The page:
about Fitness & Your Feet
Your feet are one of the most overlooked body parts when it comes to exercise, yet they can tell you so much about your overall health. As you exercise, pay attention to what your feet are telling you.
Make sure to consult your physician before beginning any fitness program. This includes a complete physical and foot exam and especially important for those who are overweight, smoke, or haven't pursued any physical activity in a long time.
Proper fitness requires wearing the right clothes and shoes. Wear loose-fitting, light-colored and loosely woven clothing in hot weather and several layers of warm clothing in cold weather.
The American Podiatric Medical Association (APMA) stresses the importance of foot care in exercising. People don't realize the tremendous pressure that is put on their feet while exercising. For example, a 150-pound jogger puts more than 150 tons of impact on his or her feet when running three miles. The APMA also reports that improper foot care during exercise is a contributing factor to some of the more than 300 foot ailments.
The following are common ailments caused by improper foot care during exercise:
Corns and calluses; and
Heel pain (including heel spurs)
More than 24 million people participate in some kind of aerobic exercise, which offers a host of health benefits, including increased cardiopulmonary efficiency, strengthened heart and lungs, improved circulation, lowered cholesterol levels, and stress and anxiety reduction.
Because aerobic exercise involves quick lateral movements, jumping, and leaping for extended periods of time, proper foot care plays a vital part in keeping the entire body fit. Common injuries from aerobics often involve the foot, ankle, and lower leg. Improper shoes, surfaces, or routines, and straining muscles by too vigorous a routine can lead to foot problems. Experts say that hardwood floors, especially with padded mats, are the best surfaces for your feet during aerobic exercise. And don't forget to stretch all the muscles, tendons, and ligaments in the leg, ankle, foot, and toes in a warm-up and cool-down periods before and after aerobics.
Proper shoes are crucial to successful, injury-free aerobics. Old sneakers in your closet are not the proper shoes for aerobics. Major shoe companies today have designed special shoes for aerobics, which provide the necessary arch and side support; they also have soles that allow for the twisting and turning of an aerobics regimen. Be aware that running shoes lack the necessary lateral stability and lift the heel too high to support aerobic activity. They also often have an acute outside flare that may put the athlete at greater risk of injury from the side-by-side motion in aerobics.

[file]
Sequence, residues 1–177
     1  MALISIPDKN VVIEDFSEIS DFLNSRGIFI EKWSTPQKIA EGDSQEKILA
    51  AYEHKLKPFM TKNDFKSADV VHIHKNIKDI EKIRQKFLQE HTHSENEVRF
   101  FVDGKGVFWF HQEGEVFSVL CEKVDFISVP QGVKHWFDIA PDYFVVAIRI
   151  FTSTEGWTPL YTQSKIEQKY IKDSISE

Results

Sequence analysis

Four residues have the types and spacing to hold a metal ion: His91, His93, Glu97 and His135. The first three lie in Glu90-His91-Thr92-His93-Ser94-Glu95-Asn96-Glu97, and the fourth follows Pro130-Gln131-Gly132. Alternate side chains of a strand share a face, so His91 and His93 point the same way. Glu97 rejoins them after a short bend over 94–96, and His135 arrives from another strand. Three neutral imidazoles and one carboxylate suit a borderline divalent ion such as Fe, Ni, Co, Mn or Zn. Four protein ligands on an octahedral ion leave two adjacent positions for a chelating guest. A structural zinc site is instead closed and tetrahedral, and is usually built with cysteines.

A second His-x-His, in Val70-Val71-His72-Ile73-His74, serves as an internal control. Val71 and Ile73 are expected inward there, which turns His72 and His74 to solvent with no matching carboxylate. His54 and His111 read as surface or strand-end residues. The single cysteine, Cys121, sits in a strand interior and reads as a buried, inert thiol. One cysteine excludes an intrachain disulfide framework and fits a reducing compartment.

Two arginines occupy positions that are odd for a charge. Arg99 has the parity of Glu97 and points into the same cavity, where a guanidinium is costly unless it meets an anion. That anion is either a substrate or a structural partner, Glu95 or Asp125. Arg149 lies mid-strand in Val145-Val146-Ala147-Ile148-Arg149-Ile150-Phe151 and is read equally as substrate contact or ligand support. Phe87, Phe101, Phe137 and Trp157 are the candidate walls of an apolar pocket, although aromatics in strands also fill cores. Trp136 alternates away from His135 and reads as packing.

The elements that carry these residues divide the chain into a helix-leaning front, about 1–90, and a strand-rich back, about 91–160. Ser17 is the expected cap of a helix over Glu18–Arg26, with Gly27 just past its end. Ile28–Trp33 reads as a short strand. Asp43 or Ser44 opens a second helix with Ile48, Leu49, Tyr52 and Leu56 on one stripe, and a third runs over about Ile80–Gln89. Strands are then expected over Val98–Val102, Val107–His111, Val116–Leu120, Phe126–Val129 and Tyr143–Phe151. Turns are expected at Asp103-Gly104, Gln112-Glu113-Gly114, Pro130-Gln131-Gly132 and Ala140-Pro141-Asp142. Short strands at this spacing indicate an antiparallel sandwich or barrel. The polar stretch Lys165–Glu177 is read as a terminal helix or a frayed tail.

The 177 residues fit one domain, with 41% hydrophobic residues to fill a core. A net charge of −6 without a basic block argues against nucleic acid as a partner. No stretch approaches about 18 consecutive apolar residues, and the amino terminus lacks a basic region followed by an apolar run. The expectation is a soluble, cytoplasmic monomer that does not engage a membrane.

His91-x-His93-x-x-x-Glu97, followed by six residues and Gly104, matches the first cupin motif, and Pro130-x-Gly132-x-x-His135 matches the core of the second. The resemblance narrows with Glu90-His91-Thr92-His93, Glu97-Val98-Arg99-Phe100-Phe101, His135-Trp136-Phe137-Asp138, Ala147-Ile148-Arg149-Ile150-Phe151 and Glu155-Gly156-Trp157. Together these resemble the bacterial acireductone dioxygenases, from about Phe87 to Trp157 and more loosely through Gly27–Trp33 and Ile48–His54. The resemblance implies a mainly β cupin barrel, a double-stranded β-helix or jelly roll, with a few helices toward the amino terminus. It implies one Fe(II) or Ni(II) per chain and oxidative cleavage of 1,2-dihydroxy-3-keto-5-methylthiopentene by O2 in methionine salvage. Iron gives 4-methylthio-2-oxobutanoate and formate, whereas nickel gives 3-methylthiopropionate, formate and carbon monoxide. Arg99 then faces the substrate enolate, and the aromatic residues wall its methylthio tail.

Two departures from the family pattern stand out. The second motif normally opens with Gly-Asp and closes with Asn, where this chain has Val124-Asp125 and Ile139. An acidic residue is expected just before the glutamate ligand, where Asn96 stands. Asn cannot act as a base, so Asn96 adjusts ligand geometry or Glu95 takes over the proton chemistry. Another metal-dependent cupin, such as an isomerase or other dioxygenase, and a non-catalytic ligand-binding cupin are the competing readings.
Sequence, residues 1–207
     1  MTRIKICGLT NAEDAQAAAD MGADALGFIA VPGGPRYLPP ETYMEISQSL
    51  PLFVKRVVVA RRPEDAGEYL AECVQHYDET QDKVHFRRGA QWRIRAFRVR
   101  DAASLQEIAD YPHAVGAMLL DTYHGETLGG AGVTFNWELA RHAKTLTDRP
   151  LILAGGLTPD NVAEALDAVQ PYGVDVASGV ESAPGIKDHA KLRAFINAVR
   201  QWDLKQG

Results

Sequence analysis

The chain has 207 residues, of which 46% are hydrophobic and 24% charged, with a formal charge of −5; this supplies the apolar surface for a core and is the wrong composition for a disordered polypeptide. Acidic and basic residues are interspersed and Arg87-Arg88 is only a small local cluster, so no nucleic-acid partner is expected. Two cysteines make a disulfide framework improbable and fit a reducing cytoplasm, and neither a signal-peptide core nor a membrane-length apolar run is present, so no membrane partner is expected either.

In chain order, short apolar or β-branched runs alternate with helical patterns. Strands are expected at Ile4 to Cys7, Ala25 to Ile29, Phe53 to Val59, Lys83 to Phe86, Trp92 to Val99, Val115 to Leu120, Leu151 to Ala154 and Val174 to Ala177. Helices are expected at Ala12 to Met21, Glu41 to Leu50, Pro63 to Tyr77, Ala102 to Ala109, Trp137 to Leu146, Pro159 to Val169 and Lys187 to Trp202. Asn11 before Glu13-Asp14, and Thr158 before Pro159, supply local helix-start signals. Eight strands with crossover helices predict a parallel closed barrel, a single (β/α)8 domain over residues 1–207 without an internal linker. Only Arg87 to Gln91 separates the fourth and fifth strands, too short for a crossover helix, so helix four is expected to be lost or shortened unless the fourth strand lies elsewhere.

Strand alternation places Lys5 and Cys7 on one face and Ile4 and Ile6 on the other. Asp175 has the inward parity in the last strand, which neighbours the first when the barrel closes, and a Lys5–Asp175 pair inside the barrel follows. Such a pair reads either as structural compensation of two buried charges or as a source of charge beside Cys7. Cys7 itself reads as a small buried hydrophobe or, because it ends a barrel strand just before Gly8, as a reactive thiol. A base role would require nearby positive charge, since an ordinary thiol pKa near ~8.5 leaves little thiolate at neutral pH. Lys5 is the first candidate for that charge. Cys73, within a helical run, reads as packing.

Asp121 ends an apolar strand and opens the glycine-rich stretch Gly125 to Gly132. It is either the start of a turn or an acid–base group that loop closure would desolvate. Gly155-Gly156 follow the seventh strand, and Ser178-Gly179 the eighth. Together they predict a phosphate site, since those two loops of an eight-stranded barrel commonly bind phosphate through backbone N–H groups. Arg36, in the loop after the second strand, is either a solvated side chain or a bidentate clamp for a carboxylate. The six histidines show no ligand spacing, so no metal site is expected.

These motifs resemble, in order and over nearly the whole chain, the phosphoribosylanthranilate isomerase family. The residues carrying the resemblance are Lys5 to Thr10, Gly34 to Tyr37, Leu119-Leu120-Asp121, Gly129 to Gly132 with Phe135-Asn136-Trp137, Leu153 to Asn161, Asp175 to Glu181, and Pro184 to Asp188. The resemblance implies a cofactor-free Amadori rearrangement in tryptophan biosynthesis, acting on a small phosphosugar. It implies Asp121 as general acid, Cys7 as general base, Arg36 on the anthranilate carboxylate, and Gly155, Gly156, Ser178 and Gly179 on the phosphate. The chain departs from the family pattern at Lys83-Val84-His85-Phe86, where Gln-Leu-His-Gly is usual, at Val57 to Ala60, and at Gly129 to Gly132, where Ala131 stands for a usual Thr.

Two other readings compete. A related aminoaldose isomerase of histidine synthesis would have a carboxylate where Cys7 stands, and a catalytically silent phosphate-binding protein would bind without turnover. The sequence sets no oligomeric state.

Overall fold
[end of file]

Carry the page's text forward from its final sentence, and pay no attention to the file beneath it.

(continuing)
Aerobic shoes should provide sufficient cushioning and shock absorption to compensate for pressure on the foot many times greater than found in walking. They must also have good medial-lateral stability. Impact forces from aerobics can reach up to six times the force of gravity, which is transmitted to each of the 26 bones in the foot.
Because of the many side-to-side motions, aerobic shoes need an arch design that will compensate for these forces. Look for shoes with sufficiently thick upper leather or strap support to provide forefoot stability and prevent slippage of the foot and lateral shoe "breakup." Make sure shoes have a toe box that is high enough to prevent irritation of your toes and nails.
Two other tips: buy your aerobics shoes in the afternoon, when your feet swell slightly and wear the same socks (preferably made of an acrylic blend) that you will wear during aerobics.
Before beginning any exercise regimen, proper stretching is essential. If muscles are properly warmed up, the strain on muscles, tendons, and joints is reduced.
Stretching exercises should take 5 to 10 minutes and ought to be conducted in a stretch/hold/relax pattern without any bouncing or pulling. It is important to stretch the propulsion muscles in the back of the leg and thigh (posterior) as well as the anterior muscles.
Some effective stretching exercises to prepare the foot and ankle for exercise include:
The wall push-up. Face a wall from three feet away, with feet flat on the floor, and knees locked. Lean into the wall, keeping feet on the floor and hold for 10 seconds as the calf muscle stretches, then relax. Do not bounce. Repeat five times.
The hamstring stretch. Put your foot, with knee straight and locked, on a chair or table. Keep the other leg straight with knee locked. Lower your head toward the raised knee until the muscles tighten. Hold to a count of 10 then relax. Repeat five times, then switch to the other leg.
Lower back stretch. In a standing position, keep both legs straight, feet spread slightly. Bend over at the waist and attempt to touch the palms of your hands to the floor. Hold the stretch for 10 seconds and repeat 10 times. Do not bounce.
Excessive tightness of the calf muscles can contribute to many foot and some knee problems. A key point of injury is the Achilles tendon, which attaches the calf muscle to the back of the heel. When the calf muscle tightens up, it limits the movement of the ankle joint.
Calf muscle stretching is very useful in the prevention and treatment of many foot problems. Two typical methods for stretching your calf muscles include the wall push-up (described above) and this technique: Standing approximately two feet from a wall. While facing the wall, turn your feet inward ("pigeon toed") and lean forward into the wall, keeping your heels on the floor and the knees extended. Keep your back straight and don't bend at the hips. Hold the stretch for 10 seconds and do the stretch 10 times in a row.